The former director of Chabad at UC San Diego was sentenced Friday to three years of probation for his role in a scheme that defrauded Qualcomm’s donation matching program.
Rabbi Yehuda Hadjadj pleaded guilty earlier this year to a federal conspiracy to commit wire fraud count. As part of his plea, he admitted to getting three people to make fake donations to Friendship Circle, a non- sectarian organization run by ex-Chabad of Poway rabbi Yisroel Goldstein.
Qualcomm matched the donations as part of its corporate donation matching program, but the money actually went to Chabad at UCSD because Qualcomm’s program excludes sectarian or denominational religious groups. Prosecutors say Hadjadj told donors to write checks to Friendship Circle, then returned all or most of the donation in cash to the donors, the U.S. Attorney’s Office said.
Goldstein sent about two-thirds of the matched funds to Hadjadj, then kept the remainder for himself.
Prosecutors say Hadjadj secured nearly $40,000 for Chabad at UCSD over the course of the scheme.
The scheme was part of a larger series of fraudulent activities orchestrated by Goldstein, who was sentenced to 14 months in prison earlier this year.
Prosecutors and Hadjadj’s attorney agreed to recommend a probation term for Hadjadj, which U.S. District Judge Cynthia Bashant imposed on Friday.
The prosecution’s sentencing papers state, “Rabbi Hadjadj is, however, very differently situated from Rabbi Goldstein. Rabbi Hadjadj seems to have genuinely been trying to raise money for Chabad at UCSD, albeit in an illegal way.”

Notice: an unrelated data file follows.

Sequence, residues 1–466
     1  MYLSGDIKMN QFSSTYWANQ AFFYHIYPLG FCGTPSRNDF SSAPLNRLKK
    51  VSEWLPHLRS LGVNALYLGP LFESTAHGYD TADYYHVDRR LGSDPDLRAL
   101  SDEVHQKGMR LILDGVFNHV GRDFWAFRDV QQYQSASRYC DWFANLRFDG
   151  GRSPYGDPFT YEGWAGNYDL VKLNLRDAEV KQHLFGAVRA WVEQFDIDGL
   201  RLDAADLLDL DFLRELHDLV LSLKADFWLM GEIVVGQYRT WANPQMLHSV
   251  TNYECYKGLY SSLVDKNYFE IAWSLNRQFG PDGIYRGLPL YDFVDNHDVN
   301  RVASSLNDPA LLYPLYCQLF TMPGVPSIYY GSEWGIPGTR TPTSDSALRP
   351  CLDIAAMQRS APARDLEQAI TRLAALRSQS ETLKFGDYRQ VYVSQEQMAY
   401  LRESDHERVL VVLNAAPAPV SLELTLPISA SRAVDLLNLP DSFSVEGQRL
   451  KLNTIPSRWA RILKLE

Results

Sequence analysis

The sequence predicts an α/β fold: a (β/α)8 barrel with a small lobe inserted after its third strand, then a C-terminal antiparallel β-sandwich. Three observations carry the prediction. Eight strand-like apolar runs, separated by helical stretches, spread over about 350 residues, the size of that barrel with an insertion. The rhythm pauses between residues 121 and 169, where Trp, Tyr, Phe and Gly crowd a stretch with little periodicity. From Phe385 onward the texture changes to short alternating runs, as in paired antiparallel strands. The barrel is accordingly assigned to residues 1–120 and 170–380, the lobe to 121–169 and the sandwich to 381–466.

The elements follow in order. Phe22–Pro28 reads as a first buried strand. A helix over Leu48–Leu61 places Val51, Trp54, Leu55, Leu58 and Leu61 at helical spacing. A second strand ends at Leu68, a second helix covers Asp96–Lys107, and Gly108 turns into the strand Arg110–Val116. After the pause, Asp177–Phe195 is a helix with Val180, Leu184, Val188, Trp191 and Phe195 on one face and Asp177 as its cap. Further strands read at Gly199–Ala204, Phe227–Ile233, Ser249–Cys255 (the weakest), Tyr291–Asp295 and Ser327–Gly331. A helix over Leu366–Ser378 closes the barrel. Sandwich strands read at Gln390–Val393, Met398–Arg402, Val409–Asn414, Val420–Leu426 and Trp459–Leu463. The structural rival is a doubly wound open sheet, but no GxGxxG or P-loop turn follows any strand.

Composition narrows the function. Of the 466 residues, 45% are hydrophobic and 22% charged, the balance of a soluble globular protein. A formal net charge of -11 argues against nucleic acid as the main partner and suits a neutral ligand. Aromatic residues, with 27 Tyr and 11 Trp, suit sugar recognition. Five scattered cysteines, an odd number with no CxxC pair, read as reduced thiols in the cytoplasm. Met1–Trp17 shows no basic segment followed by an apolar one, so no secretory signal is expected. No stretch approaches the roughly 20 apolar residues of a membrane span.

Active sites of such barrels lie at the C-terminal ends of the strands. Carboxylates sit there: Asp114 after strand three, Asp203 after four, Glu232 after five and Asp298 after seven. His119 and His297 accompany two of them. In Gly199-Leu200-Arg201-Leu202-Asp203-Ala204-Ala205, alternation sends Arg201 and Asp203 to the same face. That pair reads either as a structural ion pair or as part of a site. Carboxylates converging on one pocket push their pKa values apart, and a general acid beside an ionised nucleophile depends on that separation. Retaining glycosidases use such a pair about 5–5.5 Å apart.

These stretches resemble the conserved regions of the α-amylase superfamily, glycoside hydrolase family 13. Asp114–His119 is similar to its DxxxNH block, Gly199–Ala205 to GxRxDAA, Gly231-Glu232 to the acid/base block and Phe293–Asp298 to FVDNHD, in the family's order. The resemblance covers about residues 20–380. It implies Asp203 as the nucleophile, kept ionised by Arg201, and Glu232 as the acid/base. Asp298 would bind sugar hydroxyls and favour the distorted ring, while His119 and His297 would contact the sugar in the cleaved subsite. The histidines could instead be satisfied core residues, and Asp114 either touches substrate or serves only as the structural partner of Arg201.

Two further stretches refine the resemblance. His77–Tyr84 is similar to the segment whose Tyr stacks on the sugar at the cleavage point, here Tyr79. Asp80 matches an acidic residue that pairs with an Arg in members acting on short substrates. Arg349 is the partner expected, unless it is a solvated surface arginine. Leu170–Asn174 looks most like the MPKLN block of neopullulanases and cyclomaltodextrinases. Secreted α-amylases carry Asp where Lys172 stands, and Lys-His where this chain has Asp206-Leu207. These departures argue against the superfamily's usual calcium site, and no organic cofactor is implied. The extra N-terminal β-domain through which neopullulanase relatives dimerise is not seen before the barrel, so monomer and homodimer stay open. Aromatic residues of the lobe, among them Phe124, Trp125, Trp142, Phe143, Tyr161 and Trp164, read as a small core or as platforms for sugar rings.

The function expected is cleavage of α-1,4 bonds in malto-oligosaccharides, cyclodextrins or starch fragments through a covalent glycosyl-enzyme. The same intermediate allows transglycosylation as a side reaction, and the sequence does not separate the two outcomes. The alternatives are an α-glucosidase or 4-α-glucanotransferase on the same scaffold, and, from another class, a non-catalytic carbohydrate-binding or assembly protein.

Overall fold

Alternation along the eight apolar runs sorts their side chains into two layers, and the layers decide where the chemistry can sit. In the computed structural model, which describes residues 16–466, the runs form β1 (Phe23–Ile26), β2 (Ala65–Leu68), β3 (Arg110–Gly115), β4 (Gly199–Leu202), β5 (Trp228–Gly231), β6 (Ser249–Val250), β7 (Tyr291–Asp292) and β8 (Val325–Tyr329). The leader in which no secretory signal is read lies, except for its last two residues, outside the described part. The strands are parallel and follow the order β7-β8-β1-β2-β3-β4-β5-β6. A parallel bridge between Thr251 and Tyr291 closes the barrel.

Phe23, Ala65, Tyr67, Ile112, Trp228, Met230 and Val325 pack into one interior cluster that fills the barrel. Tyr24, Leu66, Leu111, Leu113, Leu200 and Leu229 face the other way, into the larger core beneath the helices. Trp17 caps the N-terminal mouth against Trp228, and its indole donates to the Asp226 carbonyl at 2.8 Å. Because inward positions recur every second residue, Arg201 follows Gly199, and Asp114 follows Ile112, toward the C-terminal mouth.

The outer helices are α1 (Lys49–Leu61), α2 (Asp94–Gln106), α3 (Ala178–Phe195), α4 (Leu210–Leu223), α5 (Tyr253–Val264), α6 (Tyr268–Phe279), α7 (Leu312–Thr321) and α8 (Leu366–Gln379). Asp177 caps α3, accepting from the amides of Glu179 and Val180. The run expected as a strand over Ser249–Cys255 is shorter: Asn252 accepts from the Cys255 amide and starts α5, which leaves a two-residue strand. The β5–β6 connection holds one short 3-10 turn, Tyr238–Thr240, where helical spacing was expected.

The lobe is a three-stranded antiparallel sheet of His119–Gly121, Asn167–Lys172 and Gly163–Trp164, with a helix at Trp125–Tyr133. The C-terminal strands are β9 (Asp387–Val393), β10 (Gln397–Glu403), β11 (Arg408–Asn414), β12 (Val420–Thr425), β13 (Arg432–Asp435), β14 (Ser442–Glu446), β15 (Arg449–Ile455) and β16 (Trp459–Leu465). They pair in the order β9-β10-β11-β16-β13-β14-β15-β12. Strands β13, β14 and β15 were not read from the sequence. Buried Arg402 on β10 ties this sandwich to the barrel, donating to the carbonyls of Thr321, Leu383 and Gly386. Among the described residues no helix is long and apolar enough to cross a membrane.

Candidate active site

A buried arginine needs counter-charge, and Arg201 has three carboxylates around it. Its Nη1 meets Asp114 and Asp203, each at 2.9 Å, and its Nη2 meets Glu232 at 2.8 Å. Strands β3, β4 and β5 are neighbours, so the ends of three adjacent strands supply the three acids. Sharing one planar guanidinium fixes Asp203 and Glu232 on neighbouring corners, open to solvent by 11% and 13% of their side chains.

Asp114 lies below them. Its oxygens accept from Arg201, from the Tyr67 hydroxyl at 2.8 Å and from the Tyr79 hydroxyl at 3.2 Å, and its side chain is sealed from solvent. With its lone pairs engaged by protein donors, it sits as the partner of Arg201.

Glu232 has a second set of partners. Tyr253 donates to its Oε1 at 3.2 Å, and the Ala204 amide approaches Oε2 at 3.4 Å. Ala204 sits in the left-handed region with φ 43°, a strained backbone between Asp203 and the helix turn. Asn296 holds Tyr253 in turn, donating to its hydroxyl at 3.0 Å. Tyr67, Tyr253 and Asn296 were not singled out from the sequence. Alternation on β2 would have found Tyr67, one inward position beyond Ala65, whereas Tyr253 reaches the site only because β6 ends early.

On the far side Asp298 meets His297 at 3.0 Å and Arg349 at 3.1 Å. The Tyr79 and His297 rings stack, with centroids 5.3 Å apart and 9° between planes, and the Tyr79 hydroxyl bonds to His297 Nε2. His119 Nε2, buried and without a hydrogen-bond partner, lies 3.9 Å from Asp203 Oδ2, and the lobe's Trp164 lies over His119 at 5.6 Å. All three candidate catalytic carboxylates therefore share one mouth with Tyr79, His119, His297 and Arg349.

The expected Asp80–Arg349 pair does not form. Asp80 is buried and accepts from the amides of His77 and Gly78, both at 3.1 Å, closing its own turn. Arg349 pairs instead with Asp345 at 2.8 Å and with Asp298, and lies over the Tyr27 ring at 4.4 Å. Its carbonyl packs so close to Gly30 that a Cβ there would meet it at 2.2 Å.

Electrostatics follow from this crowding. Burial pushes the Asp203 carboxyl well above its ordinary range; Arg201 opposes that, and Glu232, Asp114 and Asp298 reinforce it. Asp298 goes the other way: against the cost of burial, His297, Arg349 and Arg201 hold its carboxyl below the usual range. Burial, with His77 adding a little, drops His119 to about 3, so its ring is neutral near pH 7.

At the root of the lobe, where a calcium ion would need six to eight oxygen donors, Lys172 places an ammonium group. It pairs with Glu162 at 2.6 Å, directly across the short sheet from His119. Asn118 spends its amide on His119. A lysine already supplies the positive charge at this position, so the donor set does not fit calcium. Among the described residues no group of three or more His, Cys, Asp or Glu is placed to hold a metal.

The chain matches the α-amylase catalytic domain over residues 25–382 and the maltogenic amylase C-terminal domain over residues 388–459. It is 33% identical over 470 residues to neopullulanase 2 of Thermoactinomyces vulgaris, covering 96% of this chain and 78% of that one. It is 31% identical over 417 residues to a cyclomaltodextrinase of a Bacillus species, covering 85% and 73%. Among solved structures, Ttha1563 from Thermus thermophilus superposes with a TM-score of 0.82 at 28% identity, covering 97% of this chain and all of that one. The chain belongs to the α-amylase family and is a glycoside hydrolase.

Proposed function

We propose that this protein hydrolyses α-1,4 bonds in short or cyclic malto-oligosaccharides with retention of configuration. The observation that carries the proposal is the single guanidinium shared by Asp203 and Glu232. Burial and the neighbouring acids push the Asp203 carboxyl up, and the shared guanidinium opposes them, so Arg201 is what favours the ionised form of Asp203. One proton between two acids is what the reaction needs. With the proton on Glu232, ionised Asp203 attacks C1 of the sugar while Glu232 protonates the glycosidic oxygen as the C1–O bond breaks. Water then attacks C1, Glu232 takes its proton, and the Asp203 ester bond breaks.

Prosecutors also noted that the amount of money defrauded in Hadjadj’s case is lower than most taken by Goldstein and other co-defendants and that Hadjadj “did not personally benefit from the scheme.”
Hadjadj’s attorney, Eugene Iredale, wrote in his sentencing documents that his client ended his part in the scheme in 2017, prior to the criminal investigation into the activities of Goldstein and others involved.
“He has suffered the consequences of his crime acutely: the loss of his reputation and standing in the community, the loss of his position with Chabad UCSD, and the nearly certain loss of his employment upon sentencing,” Iredale wrote. The attorney wrote that Hadjadj has since discussed his crime with students, clergy and community members in a bid to dissuade others from making similar mistakes.
Nearly a dozen people, including Hadjadj and Goldstein, have pleaded guilty in connection with the investigation.